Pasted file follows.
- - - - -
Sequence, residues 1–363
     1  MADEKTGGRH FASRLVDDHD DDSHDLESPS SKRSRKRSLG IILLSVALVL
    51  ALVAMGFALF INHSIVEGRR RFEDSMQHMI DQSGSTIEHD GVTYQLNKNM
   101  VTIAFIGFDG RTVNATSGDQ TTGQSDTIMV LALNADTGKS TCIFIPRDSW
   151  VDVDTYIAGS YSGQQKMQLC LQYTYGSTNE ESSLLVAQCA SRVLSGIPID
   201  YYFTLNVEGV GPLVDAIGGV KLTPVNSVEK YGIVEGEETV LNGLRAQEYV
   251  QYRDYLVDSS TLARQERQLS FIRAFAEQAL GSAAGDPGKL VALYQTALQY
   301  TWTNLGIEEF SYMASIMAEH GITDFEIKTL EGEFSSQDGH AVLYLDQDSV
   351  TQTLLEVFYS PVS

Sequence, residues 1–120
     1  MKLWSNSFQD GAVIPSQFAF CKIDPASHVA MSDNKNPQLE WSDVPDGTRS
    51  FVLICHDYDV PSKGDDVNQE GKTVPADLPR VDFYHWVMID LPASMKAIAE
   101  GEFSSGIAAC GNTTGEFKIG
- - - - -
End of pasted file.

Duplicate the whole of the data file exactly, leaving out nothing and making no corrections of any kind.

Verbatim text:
Sequence, residues 1–363
     1  MADEKTGGRH FASRLVDDHD DDSHDLESPS SKRSRKRSLG IILLSVALVL
    51  ALVAMGFALF INHSIVEGRR RFEDSMQHMI DQSGSTIEHD GVTYQLNKNM
   101  VTIAFIGFDG RTVNATSGDQ TTGQSDTIMV LALNADTGKS TCIFIPRDSW
   151  VDVDTYIAGS YSGQQKMQLC LQYTYGSTNE ESSLLVAQCA SRVLSGIPID
   201  YYFTLNVEGV GPLVDAIGGV KLTPVNSVEK YGIVEGEETV LNGLRAQEYV
   251  QYRDYLVDSS TLARQERQLS FIRAFAEQAL GSAAGDPGKL VALYQTALQY
   301  TWTNLGIEEF SYMASIMAEH GITDFEIKTL EGEFSSQDGH AVLYLDQDSV
   351  TQTLLEVFYS PVS

Sequence, residues 1–120
     1  MKLWSNSFQD GAVIPSQFAF CKIDPASHVA MSDNKNPQLE WSDVPDGTRS
    51  FVLICHDYDV PSKGDDVNQE GKTVPADLPR VDFYHWVMID LPASMKAIAE
   101  GEFSSGIAAC GNTTGEFKIG